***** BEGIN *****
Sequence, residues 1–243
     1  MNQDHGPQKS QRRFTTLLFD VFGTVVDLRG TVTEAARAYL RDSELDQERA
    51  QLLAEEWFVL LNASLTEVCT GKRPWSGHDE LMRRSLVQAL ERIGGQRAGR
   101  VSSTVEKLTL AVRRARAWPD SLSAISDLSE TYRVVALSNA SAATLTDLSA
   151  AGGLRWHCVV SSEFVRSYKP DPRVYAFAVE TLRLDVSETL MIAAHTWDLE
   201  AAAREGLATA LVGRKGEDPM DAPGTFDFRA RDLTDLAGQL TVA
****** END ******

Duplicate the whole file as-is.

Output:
Sequence, residues 1–243
     1  MNQDHGPQKS QRRFTTLLFD VFGTVVDLRG TVTEAARAYL RDSELDQERA
    51  QLLAEEWFVL LNASLTEVCT GKRPWSGHDE LMRRSLVQAL ERIGGQRAGR
   101  VSSTVEKLTL AVRRARAWPD SLSAISDLSE TYRVVALSNA SAATLTDLSA
   151  AGGLRWHCVV SSEFVRSYKP DPRVYAFAVE TLRLDVSETL MIAAHTWDLE
   201  AAAREGLATA LVGRKGEDPM DAPGTFDFRA RDLTDLAGQL TVA